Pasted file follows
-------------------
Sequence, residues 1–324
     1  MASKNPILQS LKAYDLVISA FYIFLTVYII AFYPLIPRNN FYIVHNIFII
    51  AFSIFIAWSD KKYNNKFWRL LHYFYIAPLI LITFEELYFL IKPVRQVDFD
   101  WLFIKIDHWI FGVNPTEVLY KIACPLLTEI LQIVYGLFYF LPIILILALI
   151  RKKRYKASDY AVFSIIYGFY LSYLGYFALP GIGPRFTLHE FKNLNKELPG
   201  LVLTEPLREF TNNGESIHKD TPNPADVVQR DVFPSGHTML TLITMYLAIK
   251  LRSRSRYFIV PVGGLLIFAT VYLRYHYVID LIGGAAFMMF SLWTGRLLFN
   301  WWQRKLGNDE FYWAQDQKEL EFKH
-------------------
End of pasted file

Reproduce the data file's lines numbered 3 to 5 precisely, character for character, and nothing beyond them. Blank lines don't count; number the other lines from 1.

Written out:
    51  AFSIFIAWSD KKYNNKFWRL LHYFYIAPLI LITFEELYFL IKPVRQVDFD
   101  WLFIKIDHWI FGVNPTEVLY KIACPLLTEI LQIVYGLFYF LPIILILALI
   151  RKKRYKASDY AVFSIIYGFY LSYLGYFALP GIGPRFTLHE FKNLNKELPG